One of the great things about computers is they make it so easy to copy information. That’s why there’s nothing more infuriating than encountering a situation where you can’t copy what you need. Windows error pop-ups are a perfect example. Not only do they have inscrutable codes that are meaningless without a Google search, you often can’t copy them.
Before you bother to take a screenshot or, heaven forbid, write down the error code with pen and paper, try out Textify. This free program for Windows is an easy-to-use utility that lets you copy text from areas on your display that weren’t designed with copying in mind.
There’s really not much to it. You download Textify from the developer’s site in a ZIP folder, extract the EXE file, and run it. Textify doesn’t work like other Windows programs—the EXE file doesn’t install the program. Instead it acts as a launcher for Textify. So keep that file somewhere you’ll be able to find it, like your documents folder. Then when you need it, just double-click the file to launch the program.
Once you’ve opened it, the only decision to make is what you want Textify’s shortcut to be. You can use the Ctrl, Alt, or Shift keys in combination with the right, left, or middle mouse button. By default, the key combination is Shift + middle mouse button, which works well.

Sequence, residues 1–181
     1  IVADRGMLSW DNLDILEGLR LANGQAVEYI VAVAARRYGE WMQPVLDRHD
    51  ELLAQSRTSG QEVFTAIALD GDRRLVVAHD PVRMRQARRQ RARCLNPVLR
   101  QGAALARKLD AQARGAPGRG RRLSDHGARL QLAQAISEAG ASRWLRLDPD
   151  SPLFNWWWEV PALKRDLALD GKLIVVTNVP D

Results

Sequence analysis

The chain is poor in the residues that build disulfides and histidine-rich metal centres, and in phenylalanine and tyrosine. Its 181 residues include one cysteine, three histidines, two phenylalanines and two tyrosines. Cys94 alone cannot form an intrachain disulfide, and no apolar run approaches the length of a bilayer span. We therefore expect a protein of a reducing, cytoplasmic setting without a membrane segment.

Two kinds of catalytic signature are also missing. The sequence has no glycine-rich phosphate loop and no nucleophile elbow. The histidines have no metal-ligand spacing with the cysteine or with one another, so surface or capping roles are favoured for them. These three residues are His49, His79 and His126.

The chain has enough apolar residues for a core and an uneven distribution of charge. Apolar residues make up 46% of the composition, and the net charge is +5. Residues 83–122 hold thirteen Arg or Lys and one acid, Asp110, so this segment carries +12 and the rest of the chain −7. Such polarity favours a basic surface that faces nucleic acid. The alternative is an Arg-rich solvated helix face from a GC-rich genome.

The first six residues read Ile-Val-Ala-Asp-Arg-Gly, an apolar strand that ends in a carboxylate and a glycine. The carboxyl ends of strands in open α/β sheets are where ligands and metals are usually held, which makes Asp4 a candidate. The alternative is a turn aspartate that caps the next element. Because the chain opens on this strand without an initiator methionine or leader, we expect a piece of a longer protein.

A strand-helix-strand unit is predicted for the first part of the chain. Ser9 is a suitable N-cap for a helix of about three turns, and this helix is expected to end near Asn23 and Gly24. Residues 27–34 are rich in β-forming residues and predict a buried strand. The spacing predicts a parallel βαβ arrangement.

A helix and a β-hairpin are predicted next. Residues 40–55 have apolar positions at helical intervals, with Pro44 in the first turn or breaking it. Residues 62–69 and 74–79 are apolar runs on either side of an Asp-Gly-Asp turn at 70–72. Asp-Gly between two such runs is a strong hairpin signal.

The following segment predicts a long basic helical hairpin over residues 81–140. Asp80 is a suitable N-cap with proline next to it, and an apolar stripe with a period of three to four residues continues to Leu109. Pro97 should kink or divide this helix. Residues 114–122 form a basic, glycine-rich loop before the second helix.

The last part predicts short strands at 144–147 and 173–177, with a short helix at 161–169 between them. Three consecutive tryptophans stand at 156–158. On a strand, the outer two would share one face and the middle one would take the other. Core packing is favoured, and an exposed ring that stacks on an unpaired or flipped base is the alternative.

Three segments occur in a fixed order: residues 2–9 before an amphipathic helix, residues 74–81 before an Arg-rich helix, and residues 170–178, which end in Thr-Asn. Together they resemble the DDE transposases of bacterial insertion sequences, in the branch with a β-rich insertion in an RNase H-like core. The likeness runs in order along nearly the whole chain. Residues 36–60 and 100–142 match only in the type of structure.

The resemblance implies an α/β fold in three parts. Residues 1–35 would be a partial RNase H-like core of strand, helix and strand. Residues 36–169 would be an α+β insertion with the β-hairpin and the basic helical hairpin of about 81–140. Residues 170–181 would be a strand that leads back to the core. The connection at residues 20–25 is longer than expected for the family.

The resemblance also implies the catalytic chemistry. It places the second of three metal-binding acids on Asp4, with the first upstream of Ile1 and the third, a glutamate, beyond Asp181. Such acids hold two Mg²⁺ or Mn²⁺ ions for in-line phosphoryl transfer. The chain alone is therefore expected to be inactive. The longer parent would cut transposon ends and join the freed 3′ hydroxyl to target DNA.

Now go to the window with text you want to copy, hover over the text you need, click the shortcut, and if Textify is running, the contents will show up in a small window that looks like a text-editing box. Copy that text with a right-click of your mouse or Ctrl + C and you’re done.
Textify works great for error screens, but does have some drawbacks. Its copy box can’t be enlarged. If you are trying to copy the entire contents of a window with a large amount of text split into sections, you will have to copy it line by line.
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Ian is an independent writer based in Israel who has never met a tech subject he didn't like. He primarily covers Windows, PC and gaming hardware, video and music streaming services, social networks, and browsers. When he's not covering the news he's working on how-to tips for PC users, or tuning his eGPU setup.